In the men’s and ladies’ giant slalom, two riders race head-to-head through series of gates down two parallel courses labeled red and blue. In the qualification round, each rider does a run on each of the red and blue courses.
Traditionally, Olympic cross-country skiing events alternate between classical and free technique from Games to Games. In classical technique, the skis move parallel to each other through machine-groomed tracks in the snow, whereas there are no restrictions in free technique, making for a slightly faster motion.
In the ten individual Olympic alpine skiing events, skiers race against the clock with each event timed to the hundredth of a second (0.01). The team event pits nations head-to-head. The events can generally be divided into speed and technical categories.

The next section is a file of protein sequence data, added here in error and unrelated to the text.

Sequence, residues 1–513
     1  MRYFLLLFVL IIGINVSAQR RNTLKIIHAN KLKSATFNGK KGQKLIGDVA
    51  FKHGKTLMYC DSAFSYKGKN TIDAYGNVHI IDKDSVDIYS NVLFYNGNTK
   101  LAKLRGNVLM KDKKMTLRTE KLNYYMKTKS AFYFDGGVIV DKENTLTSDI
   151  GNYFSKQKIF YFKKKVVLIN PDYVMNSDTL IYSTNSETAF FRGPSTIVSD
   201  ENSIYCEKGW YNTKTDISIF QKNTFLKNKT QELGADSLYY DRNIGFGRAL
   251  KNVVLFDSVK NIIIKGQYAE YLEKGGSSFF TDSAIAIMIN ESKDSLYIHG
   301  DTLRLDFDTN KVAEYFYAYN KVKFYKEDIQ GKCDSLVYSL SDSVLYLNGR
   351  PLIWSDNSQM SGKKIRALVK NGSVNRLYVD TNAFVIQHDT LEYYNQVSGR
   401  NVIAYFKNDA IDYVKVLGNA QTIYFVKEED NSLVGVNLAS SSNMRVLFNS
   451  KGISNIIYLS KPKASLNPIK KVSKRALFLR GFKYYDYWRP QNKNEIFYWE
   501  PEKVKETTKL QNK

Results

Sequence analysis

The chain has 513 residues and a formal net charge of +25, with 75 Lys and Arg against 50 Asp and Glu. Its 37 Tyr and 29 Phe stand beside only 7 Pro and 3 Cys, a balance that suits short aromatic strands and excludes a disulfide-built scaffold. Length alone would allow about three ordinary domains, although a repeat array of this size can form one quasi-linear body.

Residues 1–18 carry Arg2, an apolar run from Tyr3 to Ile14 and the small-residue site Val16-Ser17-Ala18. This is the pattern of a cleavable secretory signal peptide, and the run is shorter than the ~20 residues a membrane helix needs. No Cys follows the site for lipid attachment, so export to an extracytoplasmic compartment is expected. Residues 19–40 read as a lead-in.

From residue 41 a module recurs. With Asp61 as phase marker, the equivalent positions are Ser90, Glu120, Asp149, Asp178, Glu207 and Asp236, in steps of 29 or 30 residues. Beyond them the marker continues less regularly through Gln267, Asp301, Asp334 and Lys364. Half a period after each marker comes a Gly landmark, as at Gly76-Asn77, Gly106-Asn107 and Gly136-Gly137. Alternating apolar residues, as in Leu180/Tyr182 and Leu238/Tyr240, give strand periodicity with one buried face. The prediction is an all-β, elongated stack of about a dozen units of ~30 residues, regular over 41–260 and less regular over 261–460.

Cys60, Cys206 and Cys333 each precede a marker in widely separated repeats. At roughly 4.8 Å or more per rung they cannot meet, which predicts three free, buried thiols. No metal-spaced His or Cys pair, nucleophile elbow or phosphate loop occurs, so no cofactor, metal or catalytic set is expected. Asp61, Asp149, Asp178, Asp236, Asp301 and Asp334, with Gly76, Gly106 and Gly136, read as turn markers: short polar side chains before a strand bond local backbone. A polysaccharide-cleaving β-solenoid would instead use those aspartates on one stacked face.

Luge athletes compete on an ice track, beginning their ride by sitting on an open fiberglass sled. At the top of the track they grab two handles and rock back and forth to build momentum. After bursting from the start area, they use spiked gloves to paddle along the ice for more acceleration before lying down on their backs with feet stretched out in front and heads kept low to maintain an aerodynamic position.
Curling is one of the most strategic sports at the Olympic Winter Games. Playing on a rectangle sheet of ice, the objective is to get your team’s granite stones closer to the centre of a four-ringed target (known as the house) than those of your opposing team.